That Mark Carney effect in full

The new Governor of the Bank of England makes sweeping changes.

It's our favourite chart, and you can really see the effect new governor Mark Carney is having on the Bank of England.

In all seriousness, though, the Bank's announcement of the meeting of the monetary policy committee (MPC) did contain a bombshell, of sorts:

The implied rise in the expected future path of Bank Rate was not warranted by the recent developments in the domestic economy.

In non-central-bank speak: "don't expect us to raise interest rates any time soon, because the economy is still in the toilet." What they're saying is almost less important than the fact that they're saying it at all, though. Interest rate decisions are normally passed down without any statement at all; we have to wait for the minutes of the MPC to be released a few weeks later to find out what was going through their heads. That pushes the statement from an explanation of their thoughts into active monetary policy in its own right. It is what's known as "forward guidance".

Monetary policy is, at heart, an expectations game. Interest rates, inflation, and even (to a lesser extent) the quantity of money matter because they change the decisions you make about how to plan for the future. If interest rates are low, you're likely to invest. If interest rates are low and likely to stay low, you're likely to invest more. If interest rates are low and the central bank is telling you they'll stay low for quite some time, well then, you may as well buy some stocks or build a bridge or something, because you aren't going to make any profit in a savings account.

Forward guidance is a very Carneyesque thing to be doing (although Mervyn King was no stranger to the concept himself), but there's two sides to the coin: making promises, and keeping them. This guidance isn't particularly controversial, merely stating what we all knew they were thinking; but it's useful to build up trust that when the Bank makes statements, they're statements you can bank on.


Fanfaronade adds to our translation. Though this metaphor is getting rather mixed now.

Alex Hern is a technology reporter for the Guardian. He was formerly staff writer at the New Statesman. You should follow Alex on Twitter.

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Is anyone prepared to solve the NHS funding crisis?

As long as the political taboo on raising taxes endures, the service will be in financial peril.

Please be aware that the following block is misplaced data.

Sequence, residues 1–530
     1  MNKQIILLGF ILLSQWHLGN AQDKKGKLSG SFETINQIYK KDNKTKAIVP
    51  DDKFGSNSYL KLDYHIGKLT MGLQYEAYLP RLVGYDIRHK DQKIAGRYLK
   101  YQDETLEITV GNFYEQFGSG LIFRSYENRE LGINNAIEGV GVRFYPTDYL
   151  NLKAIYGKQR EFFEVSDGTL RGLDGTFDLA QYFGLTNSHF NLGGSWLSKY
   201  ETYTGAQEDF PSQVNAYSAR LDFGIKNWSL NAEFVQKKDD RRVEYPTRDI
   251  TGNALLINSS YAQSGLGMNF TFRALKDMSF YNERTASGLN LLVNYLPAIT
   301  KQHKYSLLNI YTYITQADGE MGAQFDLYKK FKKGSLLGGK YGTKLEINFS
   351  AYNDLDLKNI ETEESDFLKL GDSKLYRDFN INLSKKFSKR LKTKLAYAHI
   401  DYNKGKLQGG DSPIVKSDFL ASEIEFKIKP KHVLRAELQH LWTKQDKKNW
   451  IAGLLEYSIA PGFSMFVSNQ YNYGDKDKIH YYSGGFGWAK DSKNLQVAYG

It has long been clear that the NHS is in financial ill-health. But today's figures, conveniently delayed until after the Conservative conference, are still stunningly bad. The service ran a deficit of £930m between April and June (greater than the £820m recorded for the whole of the 2014/15 financial year) and is on course for a shortfall of at least £2bn this year - its worst position for a generation. 

Though often described as having been shielded from austerity, owing to its ring-fenced budget, the NHS is enduring the toughest spending settlement in its history. Since 1950, health spending has grown at an average annual rate of 4 per cent, but over the last parliament it rose by just 0.5 per cent. An ageing population, rising treatment costs and the social care crisis all mean that the NHS has to run merely to stand still. The Tories have pledged to provide £10bn more for the service but this still leaves £20bn of efficiency savings required. 

Speculation is now turning to whether George Osborne will provide an emergency injection of funds in the Autumn Statement on 25 November. But the long-term question is whether anyone is prepared to offer a sustainable solution to the crisis. Health experts argue that only a rise in general taxation (income tax, VAT, national insurance), patient charges or a hypothecated "health tax" will secure the future of a universal, high-quality service. But the political taboo against increasing taxes on all but the richest means no politician has ventured into this territory. Shadow health secretary Heidi Alexander has today called for the government to "find money urgently to get through the coming winter months". But the bigger question is whether, under Jeremy Corbyn, Labour is prepared to go beyond sticking-plaster solutions. 

George Eaton is political editor of the New Statesman.